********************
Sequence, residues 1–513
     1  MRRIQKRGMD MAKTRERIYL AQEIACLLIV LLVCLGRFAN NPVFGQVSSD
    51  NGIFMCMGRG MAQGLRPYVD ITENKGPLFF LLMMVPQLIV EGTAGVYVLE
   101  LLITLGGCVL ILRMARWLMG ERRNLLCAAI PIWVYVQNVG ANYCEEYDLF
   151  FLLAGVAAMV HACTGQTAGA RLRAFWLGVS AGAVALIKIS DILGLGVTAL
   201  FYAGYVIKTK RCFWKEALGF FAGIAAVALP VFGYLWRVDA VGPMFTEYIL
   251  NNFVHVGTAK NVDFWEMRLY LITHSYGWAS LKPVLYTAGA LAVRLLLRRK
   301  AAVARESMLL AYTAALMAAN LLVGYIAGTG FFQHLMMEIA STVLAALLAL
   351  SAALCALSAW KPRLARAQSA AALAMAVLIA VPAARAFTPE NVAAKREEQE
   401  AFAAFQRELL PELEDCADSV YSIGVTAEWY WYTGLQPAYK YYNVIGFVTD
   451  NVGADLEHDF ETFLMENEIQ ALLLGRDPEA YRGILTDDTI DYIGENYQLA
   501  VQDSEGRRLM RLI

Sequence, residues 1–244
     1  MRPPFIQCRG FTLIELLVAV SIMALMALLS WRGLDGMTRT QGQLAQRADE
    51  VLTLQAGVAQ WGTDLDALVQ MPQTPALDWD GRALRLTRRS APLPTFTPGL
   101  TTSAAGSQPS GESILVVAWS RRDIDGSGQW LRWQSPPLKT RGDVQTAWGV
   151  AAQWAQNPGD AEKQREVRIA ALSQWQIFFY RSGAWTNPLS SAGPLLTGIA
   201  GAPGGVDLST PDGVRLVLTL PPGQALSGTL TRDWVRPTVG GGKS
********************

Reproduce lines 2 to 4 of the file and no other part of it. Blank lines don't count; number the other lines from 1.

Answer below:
     1  MRRIQKRGMD MAKTRERIYL AQEIACLLIV LLVCLGRFAN NPVFGQVSSD
    51  NGIFMCMGRG MAQGLRPYVD ITENKGPLFF LLMMVPQLIV EGTAGVYVLE
   101  LLITLGGCVL ILRMARWLMG ERRNLLCAAI PIWVYVQNVG ANYCEEYDLF